* Share the title and author so that other TT participants can add the book to their TBR lists if they like your teasers!

‘So, do you want to have breakfast in the dining room this morning, or would you like me to bring you something here?’ she asks, wrapping the cuff around my arm and inflating it.
‘I don’t want breakfast'.’
‘Come now, Mr Jankowski,’ she says, pressing a stethoscope to the inside of my elbow and watching the gauge. ‘You’ve got to keep your strength up.’
I try to catch side of her name tag. ‘What for? So I can run a marathon?’
- Page 81, Water For Elephants by Sara Gruen
Ha ha. What a character =)

[Review] When We Were Strangers by Pamela Schoenewaldt

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Title: When We Were Strangers: A Novel Author: Pamela Schoenewaldt Page: 310 pages Genre: Historical Fiction
Subject: Italians - United States, Immigrants, Dressmakers, Chicago (Illinois), Women First Published: 2011

Too poor and too plain to marry, and unwilling to burden what family she has left, twenty-year-old Irma Vitale sees no choice but to flee her Italian mountain village. Risking rough passage across the Atlantic and the dangers facing a single woman in an unfamiliar land, Irma boldly pursues a new life sewing dresses for gentlewomen. Swept up in the crowded streets of nineteenth-century America, Irma finds not only workshop servitude and miserable wages but also seeds of friendship in the raw immigrant quarters. When her determination to find a place for herself leads at last to a Chicago shop, Irma blossoms from the guidance of an austere Alsatian dressmaker, sewing fabrics and patterns more beautiful than she’d ever imagined. Then tragedy strikes and her tenuous peace is…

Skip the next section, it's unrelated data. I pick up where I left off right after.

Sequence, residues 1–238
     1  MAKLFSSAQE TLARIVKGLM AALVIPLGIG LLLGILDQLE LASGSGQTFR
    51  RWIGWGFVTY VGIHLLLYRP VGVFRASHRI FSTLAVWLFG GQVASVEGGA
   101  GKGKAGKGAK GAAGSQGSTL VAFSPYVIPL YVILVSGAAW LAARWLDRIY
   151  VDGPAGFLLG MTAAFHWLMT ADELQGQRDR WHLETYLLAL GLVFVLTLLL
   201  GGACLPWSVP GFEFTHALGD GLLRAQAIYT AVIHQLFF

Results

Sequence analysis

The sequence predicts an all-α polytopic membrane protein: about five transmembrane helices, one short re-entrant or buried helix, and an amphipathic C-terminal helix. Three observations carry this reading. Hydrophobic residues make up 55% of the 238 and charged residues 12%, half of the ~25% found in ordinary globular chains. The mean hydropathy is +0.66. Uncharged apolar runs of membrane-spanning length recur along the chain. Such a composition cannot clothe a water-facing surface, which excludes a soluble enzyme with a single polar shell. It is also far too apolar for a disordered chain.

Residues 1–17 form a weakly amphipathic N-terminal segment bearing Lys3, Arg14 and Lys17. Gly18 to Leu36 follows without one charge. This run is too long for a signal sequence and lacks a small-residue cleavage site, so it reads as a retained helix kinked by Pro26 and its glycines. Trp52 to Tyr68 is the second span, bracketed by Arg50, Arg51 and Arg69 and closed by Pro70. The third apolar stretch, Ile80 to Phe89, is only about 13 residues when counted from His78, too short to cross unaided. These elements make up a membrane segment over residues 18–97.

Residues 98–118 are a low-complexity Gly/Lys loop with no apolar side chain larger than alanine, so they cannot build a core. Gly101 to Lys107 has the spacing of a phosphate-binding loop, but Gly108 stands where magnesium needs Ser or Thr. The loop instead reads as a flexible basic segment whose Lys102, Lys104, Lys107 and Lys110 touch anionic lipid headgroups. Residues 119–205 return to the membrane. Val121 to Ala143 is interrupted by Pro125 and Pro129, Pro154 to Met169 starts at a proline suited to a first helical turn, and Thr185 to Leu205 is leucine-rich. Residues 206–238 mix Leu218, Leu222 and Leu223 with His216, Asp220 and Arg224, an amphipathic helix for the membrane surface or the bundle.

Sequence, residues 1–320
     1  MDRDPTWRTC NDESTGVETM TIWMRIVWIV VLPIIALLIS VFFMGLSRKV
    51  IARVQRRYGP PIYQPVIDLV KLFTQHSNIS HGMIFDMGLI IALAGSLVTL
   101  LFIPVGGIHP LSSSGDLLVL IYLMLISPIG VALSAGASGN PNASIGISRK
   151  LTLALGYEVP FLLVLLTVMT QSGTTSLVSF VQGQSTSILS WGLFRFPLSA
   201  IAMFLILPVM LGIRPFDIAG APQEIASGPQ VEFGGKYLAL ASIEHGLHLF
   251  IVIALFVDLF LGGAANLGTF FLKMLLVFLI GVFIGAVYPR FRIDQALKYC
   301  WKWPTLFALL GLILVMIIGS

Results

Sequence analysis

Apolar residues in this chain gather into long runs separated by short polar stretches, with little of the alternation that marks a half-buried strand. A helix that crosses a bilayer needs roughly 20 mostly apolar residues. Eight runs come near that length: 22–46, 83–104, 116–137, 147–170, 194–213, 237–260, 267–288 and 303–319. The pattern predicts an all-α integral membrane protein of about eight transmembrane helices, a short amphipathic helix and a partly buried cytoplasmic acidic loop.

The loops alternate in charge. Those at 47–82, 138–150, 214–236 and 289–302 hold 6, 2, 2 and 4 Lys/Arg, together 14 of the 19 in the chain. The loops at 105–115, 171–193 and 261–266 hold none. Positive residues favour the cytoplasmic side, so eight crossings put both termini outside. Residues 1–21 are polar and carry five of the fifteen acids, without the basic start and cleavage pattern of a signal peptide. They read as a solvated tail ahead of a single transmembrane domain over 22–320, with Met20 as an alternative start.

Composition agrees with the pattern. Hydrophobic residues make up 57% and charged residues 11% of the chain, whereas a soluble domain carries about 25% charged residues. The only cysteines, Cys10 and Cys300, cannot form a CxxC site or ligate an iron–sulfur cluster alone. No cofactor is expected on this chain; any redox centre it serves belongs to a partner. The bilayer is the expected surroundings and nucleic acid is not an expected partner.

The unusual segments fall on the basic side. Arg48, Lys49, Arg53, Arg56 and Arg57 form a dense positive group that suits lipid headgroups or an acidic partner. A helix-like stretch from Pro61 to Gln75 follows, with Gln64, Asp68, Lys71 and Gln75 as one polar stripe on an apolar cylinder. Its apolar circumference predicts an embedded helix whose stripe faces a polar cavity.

[Review] The Guernsey Literary and Potato Peel Pie Society by Mary Ann Shaffer and Annie Barrows

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Title: The Guernsey Literary and Potato Peel Pie Society Author: Mary Ann Shaffer and Annie Barrows Page: 300 pages Genre: Contemporary Fiction
Subject: Book Club, Guernsey (Channel Islands) - German Occupation, Epistolary Fiction First Published: 2008



January 1946: Writer Juliet Ashton receives a letter from a stranger, a founding member of the Guernsey Literary and Potato Peel Pie Society. And so begins a remarkable tale of the island of Guernsey during the German occupation and of a society as extraordinary as its name.
- Synopsis from book cover
OK, I may have spoken too soon when I said in my Teaser Tuesdays post that I was having so much fun reading this book. The truth is I had only just started reading a couple of pages at that point of writing the post and the idea of an epistolary novel seemed rather refreshing to me.